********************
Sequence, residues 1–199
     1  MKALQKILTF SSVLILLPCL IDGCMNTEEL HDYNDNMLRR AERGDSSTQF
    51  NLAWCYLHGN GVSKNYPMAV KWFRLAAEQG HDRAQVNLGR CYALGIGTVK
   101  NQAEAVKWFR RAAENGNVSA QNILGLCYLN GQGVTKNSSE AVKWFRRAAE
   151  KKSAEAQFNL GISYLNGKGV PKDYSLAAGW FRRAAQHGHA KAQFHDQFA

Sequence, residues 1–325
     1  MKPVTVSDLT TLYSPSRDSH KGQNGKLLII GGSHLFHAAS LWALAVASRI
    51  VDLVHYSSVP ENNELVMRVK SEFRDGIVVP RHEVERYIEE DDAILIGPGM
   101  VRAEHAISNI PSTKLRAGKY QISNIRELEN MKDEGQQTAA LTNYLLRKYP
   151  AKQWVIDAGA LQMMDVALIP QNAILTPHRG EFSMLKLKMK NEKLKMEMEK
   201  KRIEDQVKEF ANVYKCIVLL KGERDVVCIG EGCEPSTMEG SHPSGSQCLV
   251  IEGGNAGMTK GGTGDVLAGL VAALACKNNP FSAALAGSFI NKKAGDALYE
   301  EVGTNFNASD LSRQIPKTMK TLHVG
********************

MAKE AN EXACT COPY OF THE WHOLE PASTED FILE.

Sequence, residues 1–199
     1  MKALQKILTF SSVLILLPCL IDGCMNTEEL HDYNDNMLRR AERGDSSTQF
    51  NLAWCYLHGN GVSKNYPMAV KWFRLAAEQG HDRAQVNLGR CYALGIGTVK
   101  NQAEAVKWFR RAAENGNVSA QNILGLCYLN GQGVTKNSSE AVKWFRRAAE
   151  KKSAEAQFNL GISYLNGKGV PKDYSLAAGW FRRAAQHGHA KAQFHDQFA

Sequence, residues 1–325
     1  MKPVTVSDLT TLYSPSRDSH KGQNGKLLII GGSHLFHAAS LWALAVASRI
    51  VDLVHYSSVP ENNELVMRVK SEFRDGIVVP RHEVERYIEE DDAILIGPGM
   101  VRAEHAISNI PSTKLRAGKY QISNIRELEN MKDEGQQTAA LTNYLLRKYP
   151  AKQWVIDAGA LQMMDVALIP QNAILTPHRG EFSMLKLKMK NEKLKMEMEK
   201  KRIEDQVKEF ANVYKCIVLL KGERDVVCIG EGCEPSTMEG SHPSGSQCLV
   251  IEGGNAGMTK GGTGDVLAGL VAALACKNNP FSAALAGSFI NKKAGDALYE
   301  EVGTNFNASD LSRQIPKTMK TLHVG